Apple May Have Invented a Shatterproof iPhone. Here's How


A possible feature on future Apple devices may be just the solution customers who know the pain of shattering their iPhone screens have been hoping for. The company filed a patent, published Thursday, in April 2014 with the United States Patent and Trademark office that details a concept for having sensors capable of protecting an iPhone from breaking into pieces by automatically extending tiny fenders along the screen's edges in the event of a sudden drop.

"When the sensor detects a drop event, the screen protectors move from the retracted to extended position, functioning as a shock absorber and preventing the screen from connecting with a surface that the electronic device contacts," the patent notes. 

An illustration of the sensors included in the patent appears to show the new features located near the very edges of the glass screen, in between the glass and metal surfaces of the iPhone.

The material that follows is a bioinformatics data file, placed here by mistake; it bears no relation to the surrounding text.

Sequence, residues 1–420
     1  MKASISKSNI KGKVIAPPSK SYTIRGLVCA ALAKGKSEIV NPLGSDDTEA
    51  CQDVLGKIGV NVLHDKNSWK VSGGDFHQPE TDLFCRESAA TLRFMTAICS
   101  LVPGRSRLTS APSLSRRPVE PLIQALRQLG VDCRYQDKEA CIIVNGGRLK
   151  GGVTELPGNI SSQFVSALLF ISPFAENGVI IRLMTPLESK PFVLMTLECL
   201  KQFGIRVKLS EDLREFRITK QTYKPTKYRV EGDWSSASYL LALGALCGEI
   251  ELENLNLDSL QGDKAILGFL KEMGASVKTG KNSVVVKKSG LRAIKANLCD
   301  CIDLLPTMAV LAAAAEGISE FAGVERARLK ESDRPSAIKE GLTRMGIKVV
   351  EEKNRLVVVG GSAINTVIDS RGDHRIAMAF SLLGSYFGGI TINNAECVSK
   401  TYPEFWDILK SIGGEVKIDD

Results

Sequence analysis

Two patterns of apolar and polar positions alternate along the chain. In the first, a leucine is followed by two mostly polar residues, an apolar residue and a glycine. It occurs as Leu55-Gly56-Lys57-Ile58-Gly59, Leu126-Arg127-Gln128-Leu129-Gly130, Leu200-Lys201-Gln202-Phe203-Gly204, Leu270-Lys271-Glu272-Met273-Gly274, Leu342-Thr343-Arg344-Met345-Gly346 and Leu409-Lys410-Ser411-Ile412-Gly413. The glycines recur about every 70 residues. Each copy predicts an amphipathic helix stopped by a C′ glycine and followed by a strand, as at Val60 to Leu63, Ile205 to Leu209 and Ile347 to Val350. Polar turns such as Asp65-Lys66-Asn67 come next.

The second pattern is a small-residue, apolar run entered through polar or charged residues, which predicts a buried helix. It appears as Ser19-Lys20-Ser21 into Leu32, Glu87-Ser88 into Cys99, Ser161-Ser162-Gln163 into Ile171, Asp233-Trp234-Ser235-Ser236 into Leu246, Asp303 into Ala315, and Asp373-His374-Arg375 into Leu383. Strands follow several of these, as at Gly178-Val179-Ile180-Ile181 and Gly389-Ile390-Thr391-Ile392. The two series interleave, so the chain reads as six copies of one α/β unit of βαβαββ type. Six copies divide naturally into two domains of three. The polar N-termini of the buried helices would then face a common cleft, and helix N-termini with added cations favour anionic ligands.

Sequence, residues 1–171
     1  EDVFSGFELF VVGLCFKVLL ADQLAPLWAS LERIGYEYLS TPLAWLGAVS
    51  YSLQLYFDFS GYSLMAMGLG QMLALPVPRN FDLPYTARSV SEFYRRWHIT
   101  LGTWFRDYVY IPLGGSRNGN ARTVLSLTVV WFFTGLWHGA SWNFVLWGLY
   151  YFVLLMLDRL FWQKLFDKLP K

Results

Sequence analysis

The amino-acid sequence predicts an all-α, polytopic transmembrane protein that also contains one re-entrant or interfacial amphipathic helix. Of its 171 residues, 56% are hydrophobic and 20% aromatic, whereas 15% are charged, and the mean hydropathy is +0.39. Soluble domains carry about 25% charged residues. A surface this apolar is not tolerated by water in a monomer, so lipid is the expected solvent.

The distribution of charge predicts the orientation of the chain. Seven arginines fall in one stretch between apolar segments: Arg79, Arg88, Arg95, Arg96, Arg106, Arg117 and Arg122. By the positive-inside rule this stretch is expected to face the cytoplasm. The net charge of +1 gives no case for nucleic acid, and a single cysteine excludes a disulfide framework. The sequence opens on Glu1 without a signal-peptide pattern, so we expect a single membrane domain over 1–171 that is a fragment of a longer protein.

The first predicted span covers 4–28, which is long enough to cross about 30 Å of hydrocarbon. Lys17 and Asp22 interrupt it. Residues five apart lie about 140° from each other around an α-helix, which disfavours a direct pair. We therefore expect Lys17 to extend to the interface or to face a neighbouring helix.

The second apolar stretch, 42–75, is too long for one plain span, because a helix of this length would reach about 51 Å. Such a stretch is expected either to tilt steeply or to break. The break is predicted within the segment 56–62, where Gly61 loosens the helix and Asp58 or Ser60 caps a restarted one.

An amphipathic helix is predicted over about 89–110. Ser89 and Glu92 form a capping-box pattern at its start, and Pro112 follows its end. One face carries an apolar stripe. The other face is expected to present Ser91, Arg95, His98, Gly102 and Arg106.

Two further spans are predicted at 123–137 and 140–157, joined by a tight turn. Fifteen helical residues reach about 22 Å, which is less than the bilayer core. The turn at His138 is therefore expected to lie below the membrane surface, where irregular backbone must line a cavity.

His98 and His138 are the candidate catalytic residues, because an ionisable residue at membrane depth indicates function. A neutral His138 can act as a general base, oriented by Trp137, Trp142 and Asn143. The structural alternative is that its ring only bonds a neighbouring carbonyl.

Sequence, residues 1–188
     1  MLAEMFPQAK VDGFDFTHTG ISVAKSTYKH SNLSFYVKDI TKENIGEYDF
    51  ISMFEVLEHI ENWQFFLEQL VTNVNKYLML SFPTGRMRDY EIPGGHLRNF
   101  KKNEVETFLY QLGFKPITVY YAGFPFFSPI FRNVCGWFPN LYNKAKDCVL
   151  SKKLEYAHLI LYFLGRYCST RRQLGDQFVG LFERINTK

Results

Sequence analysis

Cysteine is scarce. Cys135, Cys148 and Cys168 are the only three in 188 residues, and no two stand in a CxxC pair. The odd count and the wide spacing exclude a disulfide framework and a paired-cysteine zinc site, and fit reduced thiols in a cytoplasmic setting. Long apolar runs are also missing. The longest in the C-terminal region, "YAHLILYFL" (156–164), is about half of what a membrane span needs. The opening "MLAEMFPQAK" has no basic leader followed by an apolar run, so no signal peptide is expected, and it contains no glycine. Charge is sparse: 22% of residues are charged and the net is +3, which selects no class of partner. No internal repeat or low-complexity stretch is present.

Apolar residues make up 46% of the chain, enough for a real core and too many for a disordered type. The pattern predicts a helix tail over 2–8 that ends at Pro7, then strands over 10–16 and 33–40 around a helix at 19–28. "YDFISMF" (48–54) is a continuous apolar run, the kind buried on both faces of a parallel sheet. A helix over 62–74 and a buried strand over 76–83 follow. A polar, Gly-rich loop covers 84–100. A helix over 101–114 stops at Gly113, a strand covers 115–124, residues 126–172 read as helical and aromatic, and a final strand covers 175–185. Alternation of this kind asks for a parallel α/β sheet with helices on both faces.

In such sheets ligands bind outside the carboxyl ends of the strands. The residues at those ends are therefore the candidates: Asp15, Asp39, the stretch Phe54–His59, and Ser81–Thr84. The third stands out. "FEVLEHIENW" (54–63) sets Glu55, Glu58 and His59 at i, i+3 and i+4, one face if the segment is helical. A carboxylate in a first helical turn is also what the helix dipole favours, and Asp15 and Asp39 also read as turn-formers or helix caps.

United States Patent and Trademark Office

Another image shows the feature during a drop. The sensors protrude from the device at the top and bottom of the screen, ensuring the entire glass portion of the device is protected from a sudden fall. 

United States Patent and Trademark Office

Yahoo reports the "active screen protection" will use the device's camera and microphone to help detect a drop, and will automatically retract its sensors after the fall is over. 

However, the patent may never actually be implemented with any future Apple device, Yahoo reports. Filing a patent with the U.S. Patent and Trademark office simply ensures none of Apple's competitors are able to use the active screen protection concept in any of their devices. The move follows increased competition among mobile devices in the tech industry, while new Android devices are becoming waterproof and more durable than ever before. 

For now at least, Apple customers will just have to splurge on a decent phone case in order to avoid that painful moment of picking up a broken iPhone and swiping fingers over broken glass.